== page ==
1. April 01, 2014 at 3:13 pm, Bob Beatty said:

    I, for one, remain a fan of the lecture series. The biggest thing I’d consider in your cost-benefit analysis is how important they are to your overall institution. Is attendance your key measure of success or is it some sort of knowledge gaining?

    Also, one success I had with these events was to pair them with an outside group–finding something that was interesting to that group so there was more of a built-in audience. We also included them as part of evening events, so that folks could enjoy a bit of nosh ahead of time.

    And you might consider going to an every-other-month model or moving the lectures to lunch & learns and such.

    Adult audiences are always, always a challenge. And I bet 90% of the folks reading this would be happy with an audience of 30….

    Reply

  2. April 01, 2014 at 6:36 pm, Chick History said:

    I am a fan of the lecture series too and I don’t think the model is out dated. I think it has more to do with the topics and subject matter. It just seems the scholar/research model just doesn’t play out to a general audience anymore.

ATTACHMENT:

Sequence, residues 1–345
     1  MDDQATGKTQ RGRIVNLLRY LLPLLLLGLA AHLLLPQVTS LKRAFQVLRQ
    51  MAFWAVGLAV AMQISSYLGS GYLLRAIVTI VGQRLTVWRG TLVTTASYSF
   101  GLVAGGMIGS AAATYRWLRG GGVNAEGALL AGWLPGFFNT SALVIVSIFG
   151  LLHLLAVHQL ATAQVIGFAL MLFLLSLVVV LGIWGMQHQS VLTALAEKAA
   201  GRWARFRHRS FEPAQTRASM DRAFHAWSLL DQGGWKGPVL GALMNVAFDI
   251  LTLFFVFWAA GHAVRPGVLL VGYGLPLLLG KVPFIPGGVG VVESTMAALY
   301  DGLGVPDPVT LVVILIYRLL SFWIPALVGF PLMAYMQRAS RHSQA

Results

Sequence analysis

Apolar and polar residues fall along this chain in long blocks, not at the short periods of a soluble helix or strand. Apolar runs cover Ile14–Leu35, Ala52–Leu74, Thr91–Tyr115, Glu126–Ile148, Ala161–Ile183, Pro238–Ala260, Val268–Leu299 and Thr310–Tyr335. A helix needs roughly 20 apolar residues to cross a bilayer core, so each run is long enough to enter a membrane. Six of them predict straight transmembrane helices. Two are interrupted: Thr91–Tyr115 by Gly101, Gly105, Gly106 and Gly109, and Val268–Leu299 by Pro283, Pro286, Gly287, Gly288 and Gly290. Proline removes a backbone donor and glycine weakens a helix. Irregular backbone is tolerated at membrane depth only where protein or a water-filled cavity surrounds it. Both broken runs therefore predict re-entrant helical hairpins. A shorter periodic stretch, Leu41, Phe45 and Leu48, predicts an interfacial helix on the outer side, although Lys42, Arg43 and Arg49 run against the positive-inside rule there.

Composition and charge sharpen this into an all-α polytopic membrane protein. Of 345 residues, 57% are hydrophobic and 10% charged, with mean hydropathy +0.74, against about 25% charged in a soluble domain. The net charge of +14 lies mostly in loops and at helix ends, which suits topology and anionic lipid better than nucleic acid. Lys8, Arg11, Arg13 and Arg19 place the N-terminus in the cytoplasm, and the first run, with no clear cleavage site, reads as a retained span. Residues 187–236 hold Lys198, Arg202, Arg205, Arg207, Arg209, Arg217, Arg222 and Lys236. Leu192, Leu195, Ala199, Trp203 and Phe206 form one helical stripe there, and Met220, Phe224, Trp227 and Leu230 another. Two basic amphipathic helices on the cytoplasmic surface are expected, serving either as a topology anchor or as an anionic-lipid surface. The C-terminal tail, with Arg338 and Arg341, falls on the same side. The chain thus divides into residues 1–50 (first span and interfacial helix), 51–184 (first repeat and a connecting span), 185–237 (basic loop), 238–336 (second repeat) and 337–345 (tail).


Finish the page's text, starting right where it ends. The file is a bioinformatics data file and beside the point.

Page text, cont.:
I think stepping outside of the box, way outside, would breathe fresh life into a lecture series. What about historical fiction authors? That could shake things up and bring in a new audience.

    We say it all the time, but sometimes have a hard time putting it into practice…but the sexy and fun topics are what generates the most interest.

    Bob’s idea of pairing with outside groups is really good too.

    -Rebecca Price

    Reply

  3. April 01, 2014 at 6:48 pm, TobiV said:

    Since I wrote this, I have talked to a lot of folks in the community, and it seems that lecture series are still popular in general. My undergrad history department can get upwards of 200 for theirs each month, and our curator did an off-site lecture last week for 500 people! And you both suggest the same in your comments as well. Thanks!

    We’ve decided to try a few things next year, which are totally in line with your comments. First, we are going to cut back to a quarterly lecture series instead of stopping them altogether, and take a look at the topics more closely as well. We also plan to reach out to other area organizations that do lecture series and see if we can team up to do joint programs.

    As for program success: My motto has always been, “10 people or more makes it a success!” But these days, we do need to start thinking about allocation of resources. If we stop the less-successful lecture series, we will be looking to replace it with something that has an even bigger reach, audience, mission-impact, etc.

    Thanks for the comments!! Good conversation!

    Reply

  4. June 06, 2014 at 8:22 pm, UPDATE: The Endagered Lecture Series | AASLH Blogs said:

    […] March I wrote a blog post asking whether lecture series are endangered. I received some great feedback in the comments section, and I took the suggestions to heart. […]

    Reply